Well that was almost three years ago and I have yet to fix or replace it. Although, I did look for Repair Kits, I was unsuccessful in finding any, and so life without a disposal had not been a priority …..until now.

    It being the Holidays, I had some free time and I figure I would check the internet for a Replacement Kit. I just went to my disposal to get the Model Number, an low and behold, I discovered a Barnacle-like growth all around the outside of my disposal. It is an Insinkerator Model 5-38A. I have no idea how old it is, but I have been in this home for at least 13 years, and the house was built in 1978. And so for all I know this disposal is 30 years old.

    There is no convincing me that I need a new disposal. I just wanted to share my story, and let you know that I appreciate the forum you have setup here to give people feedback and tips on installation. I have no doubt that I will be visiting again soon after I get my new unit.

    I will close here and look into one of the new Insinkerator models at Home Depot.

    Best regards,


    • Redwood says:

      Hi Kurt,

      It’s pretty clear that this Insinkerator Leak Repair Kit is just what you need. The Insinkerator Model 5-38 is the Badger 5 Disposal, which is the cheap “Builder Grade” unit only carried a 2 year warranty, and by the time it was 5 years old was probably shot. Since you’ve let it leak for 3 years without fixing it, obviously the best choice for you would be a model that lasts a little longer than the “El-Cheapo” builder grade unit, so you won’t have to replace it again any time soon.

      The “Barnacle-Like” growth is corrosion of the die cast metal body of the disposer, and I’m surprised it hasn’t just fallen off the sink yet, breaking the pipes out of the wall, when it went. The odds of it being 30 years old are pretty slim, more than likely it was a new unit shortly before you purchased the house. They just wouldn’t make it that far! You have better odds of hitting Power Ball 3 times than that happening.

      With it leaking for 3 years I wonder about the amount of damage that the leaking water has done on your cabinets, floor and walls in the area surrounding the kitchen sink. There is no doubt that there is a lot of rot and mold in the area along with who knows what kind of bacteria growing. It must smell pretty good in the cabinet under the sink, maybe time for a kitchen remodel as well?

      Good luck with your project,

      • John says:

        Hi Everyone…I have a Evolution Compact less than 2 years old. One of those things where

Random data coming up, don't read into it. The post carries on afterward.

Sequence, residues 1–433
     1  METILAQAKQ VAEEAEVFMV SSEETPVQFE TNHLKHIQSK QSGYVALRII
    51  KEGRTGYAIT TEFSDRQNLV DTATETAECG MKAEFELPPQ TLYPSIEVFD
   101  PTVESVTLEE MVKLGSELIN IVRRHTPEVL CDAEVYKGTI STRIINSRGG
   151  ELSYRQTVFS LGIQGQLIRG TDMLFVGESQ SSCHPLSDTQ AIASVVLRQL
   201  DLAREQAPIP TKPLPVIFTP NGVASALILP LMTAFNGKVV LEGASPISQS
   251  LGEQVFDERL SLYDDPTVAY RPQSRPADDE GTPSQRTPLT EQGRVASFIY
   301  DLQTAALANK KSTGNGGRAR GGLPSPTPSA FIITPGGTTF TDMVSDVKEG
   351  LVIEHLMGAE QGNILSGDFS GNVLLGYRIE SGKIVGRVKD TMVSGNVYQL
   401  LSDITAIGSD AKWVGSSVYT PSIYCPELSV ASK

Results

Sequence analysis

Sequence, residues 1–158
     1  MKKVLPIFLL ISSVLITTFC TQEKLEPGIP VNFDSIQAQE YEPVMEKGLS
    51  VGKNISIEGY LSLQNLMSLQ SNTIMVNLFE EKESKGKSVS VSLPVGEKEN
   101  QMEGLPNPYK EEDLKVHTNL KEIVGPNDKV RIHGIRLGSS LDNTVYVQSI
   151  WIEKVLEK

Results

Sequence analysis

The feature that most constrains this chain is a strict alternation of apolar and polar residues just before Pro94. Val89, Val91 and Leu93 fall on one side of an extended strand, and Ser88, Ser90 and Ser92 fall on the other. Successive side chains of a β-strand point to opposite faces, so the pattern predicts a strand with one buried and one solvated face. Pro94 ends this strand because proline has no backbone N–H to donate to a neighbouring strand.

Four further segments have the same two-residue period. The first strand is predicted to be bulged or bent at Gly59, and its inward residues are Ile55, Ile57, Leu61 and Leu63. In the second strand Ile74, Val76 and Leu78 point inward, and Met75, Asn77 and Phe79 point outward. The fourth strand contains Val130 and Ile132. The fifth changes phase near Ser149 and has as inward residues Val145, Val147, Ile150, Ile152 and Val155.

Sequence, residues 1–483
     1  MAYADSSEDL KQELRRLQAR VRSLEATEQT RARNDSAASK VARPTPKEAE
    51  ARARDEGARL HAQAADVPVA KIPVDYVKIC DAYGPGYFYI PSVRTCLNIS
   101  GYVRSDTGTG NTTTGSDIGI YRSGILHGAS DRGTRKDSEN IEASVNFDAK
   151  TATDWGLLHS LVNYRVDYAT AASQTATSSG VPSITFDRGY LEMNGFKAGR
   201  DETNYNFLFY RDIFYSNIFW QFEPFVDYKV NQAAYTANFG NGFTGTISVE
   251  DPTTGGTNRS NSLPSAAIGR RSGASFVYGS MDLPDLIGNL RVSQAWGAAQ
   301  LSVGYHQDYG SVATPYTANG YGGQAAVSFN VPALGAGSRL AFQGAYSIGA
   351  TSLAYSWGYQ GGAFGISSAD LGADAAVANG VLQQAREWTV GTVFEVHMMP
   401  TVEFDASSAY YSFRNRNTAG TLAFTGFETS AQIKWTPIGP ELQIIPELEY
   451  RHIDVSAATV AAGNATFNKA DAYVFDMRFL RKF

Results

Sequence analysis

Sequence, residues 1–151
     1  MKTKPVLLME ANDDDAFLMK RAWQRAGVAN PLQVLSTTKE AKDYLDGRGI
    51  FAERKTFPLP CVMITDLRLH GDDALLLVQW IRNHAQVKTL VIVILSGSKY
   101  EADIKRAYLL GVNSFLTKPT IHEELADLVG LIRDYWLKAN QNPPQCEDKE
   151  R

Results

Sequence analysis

it woked one day and not the next. Tried the reset. Tried the safety wall switch buttons and
        nothing. I’m about to see if the wheel is stuck??
        Unit is a little over a year old.

        Thanks for any help

        • Redwood says:

          Hi John,
          I always start with the fast and easy checks first:

          • Use the wrench in the bottom, does the wheel spin freely or, is it jammed? If jammed I unjam the wheel and remove the offending object causing the jam.
          • Is the red reset button popped? This usually happens after a jam, in which case I reset the button by pressing it.

          Usually this first step will get the disposer running again. If it doesn’t then it is time to take the troubleshooting to the next level:

          • When the unit is turned on do you get a humming noise? If so recheck that the wheel turns freely, if the wheel is not turning freely recheck for an object jamming the wheel and remove it. If the wheel spins freely then the motor has a problem and you need to call Insinkerator to take advantage of their In-Home Service Warranty.
          • If nothing happens when the unit is turned on then you need to open the cover on the bottom of the unit and check for power being supplied to the motor leads with a test light or, multimeter. If power is supplied to the motor leads then the unit has failed and it is time to call Insinkerator to take advantage of their In-Home Service Warranty. If there is no power supplied then you need to trace the circuit backwards all the way to the circuit breaker panel if need be, and find where there is a bad connection causing the loss of power to the unit.

          Hopefully this helps you out,

  11. Thom says:

    My Badger.5 Plus Insinkerator keeps throwing the GCFI. It has worked fine for 3 years, just started doing this. Why?

    • Redwood says:

      Hi Thom,
      The GFCI reads the current used on the circuit and the current being used from the “Hot” wire must match the current on the “Neutral” wire or, the GFCI will trip. Either there is a path for current leakage in the wires supplying the Badger 5 or, there is one internal within the Badger 5.

      I’d suspect the Badger 5 having the internal ground fault as the most likely problem but you may check by turning the power off to the Badger 5, then opening the cover on the bottom, removing the wires and disconnecting them. Once that is done turn the power back on to the Badger 5 and see if the GFCI still trips.

      If the Badger 5 is the cause of the GFCI tripping as I suspect it is, discontinue use, and replace it ASAP as the Ground Fault is a dangerous situation and the GFCI is protecting the user from electric shock. There are no user serviceable parts inside the Badger 5.


  12. Kevin says:

    I have a insinkerator excel that is a little over 3 yrs old,the turntable turns freely but all it does is hum when turned on. what is the average life expectancy of these units